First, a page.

More women accessing abortion pills online as fewer head to UK, figures suggest
Health chiefs have suggested that the number of women travelling to Britain for a termination is decreasing as more women access abortion pills online.
Some 3,265 women gave Irish addresses at clinics and hospitals in England and Wales last year - a drop of almost 200 on the previous year and down from 6,673 in 2001.
The Health Service Executive (HSE) said one internet supplier reported 1,438 contacts from women in 2015.
The agency also said one in 10 women who took abortion pills reported to the provider that they were experiencing a symptom that required medical advice or treatment.
Helen Deely, head of the Health Service Executive's sexual health and crisis pregnancy programme, said there was a rapid fall in the numbers of women travelling from 2001 to 2007 and a more gradual fall in the last nine years.
"Recent research shows that increasing numbers of women from the island of Ireland are making contact with online abortion pill providers," she said.
Ms Deely urged women who have had an abortion, either by taking pills or travelling, to seek out after-care in Ireland.
"If a woman takes an abortion pill and has prolonged heavy bleeding, bad pain, fainting, or other complications, we strongly encourage that she attends an emergency department or GP straight away," she said.
"Or if a woman is concerned about her health following taking an abortion pill or travelling abroad for an abortion, we would encourage her to attend a free post-abortion medical check-up funded by the HSE."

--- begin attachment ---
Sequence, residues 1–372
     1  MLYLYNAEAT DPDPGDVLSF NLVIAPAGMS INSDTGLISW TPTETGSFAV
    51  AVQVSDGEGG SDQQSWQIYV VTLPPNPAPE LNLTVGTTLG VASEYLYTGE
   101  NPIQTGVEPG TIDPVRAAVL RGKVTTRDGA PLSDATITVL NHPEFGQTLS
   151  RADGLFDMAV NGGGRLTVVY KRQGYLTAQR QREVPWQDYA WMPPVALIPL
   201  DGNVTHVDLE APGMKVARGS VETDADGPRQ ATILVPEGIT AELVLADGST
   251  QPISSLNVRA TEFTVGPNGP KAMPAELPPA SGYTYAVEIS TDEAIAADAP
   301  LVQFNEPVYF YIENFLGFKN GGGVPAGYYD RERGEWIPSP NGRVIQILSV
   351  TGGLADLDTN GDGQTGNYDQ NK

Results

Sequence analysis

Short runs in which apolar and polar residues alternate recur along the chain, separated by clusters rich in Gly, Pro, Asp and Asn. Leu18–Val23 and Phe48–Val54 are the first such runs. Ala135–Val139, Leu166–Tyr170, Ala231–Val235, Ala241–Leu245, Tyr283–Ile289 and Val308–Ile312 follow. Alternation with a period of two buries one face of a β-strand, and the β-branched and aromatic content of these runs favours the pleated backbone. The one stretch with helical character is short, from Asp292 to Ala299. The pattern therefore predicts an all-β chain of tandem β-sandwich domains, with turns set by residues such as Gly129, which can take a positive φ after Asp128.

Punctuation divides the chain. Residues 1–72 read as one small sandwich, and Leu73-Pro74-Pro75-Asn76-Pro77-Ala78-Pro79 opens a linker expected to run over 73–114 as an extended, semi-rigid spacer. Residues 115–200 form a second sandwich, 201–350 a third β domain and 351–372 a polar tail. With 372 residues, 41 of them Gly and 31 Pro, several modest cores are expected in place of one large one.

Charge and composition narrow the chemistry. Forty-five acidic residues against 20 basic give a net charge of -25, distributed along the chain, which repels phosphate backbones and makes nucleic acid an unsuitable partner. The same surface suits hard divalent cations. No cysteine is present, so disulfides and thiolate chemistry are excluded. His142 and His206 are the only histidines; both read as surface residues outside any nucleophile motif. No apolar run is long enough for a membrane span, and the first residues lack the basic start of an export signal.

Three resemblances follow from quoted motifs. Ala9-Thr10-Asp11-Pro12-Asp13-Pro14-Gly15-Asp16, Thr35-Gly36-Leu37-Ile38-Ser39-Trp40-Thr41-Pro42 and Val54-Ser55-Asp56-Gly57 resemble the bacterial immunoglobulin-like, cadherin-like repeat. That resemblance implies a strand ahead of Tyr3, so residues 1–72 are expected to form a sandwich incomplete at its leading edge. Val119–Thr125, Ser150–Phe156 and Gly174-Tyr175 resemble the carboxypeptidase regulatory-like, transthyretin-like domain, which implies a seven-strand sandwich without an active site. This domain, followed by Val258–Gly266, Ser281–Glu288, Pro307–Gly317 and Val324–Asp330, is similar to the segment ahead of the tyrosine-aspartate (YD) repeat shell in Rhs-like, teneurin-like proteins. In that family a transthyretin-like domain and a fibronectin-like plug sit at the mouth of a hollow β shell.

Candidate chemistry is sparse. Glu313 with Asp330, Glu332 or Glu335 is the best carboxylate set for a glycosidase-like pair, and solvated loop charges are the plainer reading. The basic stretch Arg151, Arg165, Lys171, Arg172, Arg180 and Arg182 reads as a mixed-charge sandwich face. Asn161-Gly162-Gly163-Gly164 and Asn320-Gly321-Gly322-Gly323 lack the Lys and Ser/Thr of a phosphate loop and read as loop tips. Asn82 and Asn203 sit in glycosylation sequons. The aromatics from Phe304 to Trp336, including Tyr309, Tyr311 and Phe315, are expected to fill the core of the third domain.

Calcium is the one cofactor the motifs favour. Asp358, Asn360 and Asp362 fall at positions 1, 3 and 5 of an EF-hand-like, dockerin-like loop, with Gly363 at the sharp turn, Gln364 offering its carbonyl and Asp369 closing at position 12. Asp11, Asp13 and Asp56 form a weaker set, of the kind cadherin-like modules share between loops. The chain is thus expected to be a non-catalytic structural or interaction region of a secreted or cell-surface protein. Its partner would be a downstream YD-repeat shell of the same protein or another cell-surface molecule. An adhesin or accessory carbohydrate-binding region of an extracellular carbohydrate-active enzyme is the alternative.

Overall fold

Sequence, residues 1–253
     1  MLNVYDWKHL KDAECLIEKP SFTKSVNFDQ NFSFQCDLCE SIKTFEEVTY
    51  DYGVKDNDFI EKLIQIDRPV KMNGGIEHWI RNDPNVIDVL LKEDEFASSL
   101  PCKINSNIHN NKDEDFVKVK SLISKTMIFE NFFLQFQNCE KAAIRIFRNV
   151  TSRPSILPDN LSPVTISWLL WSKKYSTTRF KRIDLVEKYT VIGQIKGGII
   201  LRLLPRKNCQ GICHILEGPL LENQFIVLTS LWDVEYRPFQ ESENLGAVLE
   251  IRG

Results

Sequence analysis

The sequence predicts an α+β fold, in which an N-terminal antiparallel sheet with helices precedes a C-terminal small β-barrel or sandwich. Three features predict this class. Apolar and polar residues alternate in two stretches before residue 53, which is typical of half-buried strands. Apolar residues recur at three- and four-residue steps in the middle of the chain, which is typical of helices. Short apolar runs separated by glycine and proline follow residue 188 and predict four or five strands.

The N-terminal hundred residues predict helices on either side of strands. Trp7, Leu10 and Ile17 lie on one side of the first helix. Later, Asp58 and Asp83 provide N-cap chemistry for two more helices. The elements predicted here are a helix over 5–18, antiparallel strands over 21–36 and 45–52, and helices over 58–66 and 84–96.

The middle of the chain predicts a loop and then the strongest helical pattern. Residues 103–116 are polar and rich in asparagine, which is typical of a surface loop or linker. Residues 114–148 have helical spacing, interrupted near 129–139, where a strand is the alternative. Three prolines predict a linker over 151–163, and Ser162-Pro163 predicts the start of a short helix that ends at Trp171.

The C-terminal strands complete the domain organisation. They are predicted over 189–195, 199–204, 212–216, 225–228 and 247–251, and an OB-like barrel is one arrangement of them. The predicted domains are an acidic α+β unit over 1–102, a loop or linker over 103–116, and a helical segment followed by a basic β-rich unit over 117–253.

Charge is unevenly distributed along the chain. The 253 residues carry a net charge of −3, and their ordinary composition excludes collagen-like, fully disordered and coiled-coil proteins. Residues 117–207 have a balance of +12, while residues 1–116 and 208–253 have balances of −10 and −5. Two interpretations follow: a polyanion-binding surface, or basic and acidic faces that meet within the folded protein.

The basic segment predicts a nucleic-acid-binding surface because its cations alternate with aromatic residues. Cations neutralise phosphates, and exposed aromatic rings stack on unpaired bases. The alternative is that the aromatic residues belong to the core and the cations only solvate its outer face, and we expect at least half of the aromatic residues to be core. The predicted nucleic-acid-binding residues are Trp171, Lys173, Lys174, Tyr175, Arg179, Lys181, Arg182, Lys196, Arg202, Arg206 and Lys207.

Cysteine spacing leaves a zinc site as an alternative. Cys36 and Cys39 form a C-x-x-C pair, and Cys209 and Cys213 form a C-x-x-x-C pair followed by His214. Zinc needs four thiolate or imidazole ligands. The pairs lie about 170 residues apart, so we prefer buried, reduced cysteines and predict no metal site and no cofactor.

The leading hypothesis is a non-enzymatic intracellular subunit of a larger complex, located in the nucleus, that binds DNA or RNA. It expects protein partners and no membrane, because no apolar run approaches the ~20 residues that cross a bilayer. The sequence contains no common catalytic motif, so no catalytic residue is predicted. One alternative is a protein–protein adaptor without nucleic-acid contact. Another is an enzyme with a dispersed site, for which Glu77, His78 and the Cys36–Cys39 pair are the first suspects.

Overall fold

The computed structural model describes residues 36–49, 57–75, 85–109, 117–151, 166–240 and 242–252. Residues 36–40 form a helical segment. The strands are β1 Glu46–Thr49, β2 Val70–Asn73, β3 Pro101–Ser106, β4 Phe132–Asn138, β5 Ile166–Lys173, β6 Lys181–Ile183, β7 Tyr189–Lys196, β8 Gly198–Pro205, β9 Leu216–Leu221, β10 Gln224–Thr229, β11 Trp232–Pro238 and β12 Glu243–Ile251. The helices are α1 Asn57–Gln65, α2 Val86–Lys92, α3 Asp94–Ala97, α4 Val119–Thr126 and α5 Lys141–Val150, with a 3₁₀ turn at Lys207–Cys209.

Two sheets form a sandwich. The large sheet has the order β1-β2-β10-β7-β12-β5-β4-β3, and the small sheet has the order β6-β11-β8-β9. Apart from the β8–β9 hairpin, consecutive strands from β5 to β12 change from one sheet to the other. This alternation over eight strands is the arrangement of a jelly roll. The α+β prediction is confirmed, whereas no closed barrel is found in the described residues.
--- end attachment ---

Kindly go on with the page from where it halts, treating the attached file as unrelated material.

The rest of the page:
The figures reported to the UK's chief medical officers showed 724 women with addresses in Northern Ireland travelled to clinics or hospitals in England and Wales for an abortion in 2016.
Of those from the Republic, 10 girls were under 16 and another 56 were aged between 16 and 17.
The vast majority of the terminations, 2,256, occurred between three and nine weeks of the pregnancy while another 106 terminations were carried out after 20 weeks of pregnancy.
The UK health chiefs also detailed the recorded reasons for terminations.
There were 141 cases carried out on the grounds that the baby would suffer physical or mental abnormalities that would leave it seriously handicapped.
Forty-three cases related to a diagnosis of Down's syndrome.
Another 20 cases related to Edwards' syndrome. According to Britain's NHS, around one in every 12 babies born with the genetic disorder survive beyond one year and they will live with severe physical and mental disabilities and it is very rare for children to survive to early adulthood.
About 80% of the women from Ireland had not had an abortion before, the report stated.
Almost half of the women, 1,597, were married or in a civil partnership.
It was noted that all of the women had to cover the cost of the travel and procedure themselves or through family and friends or other charitable support.
The report found one woman suffered complications which could have ranged from bleeding to uterine perforation and/or sepsis and would only have been reported up to the time they were discharged from the clinic or hospital.
Thirty-four women travelled from Ireland for an abortion in the Netherlands in 2015.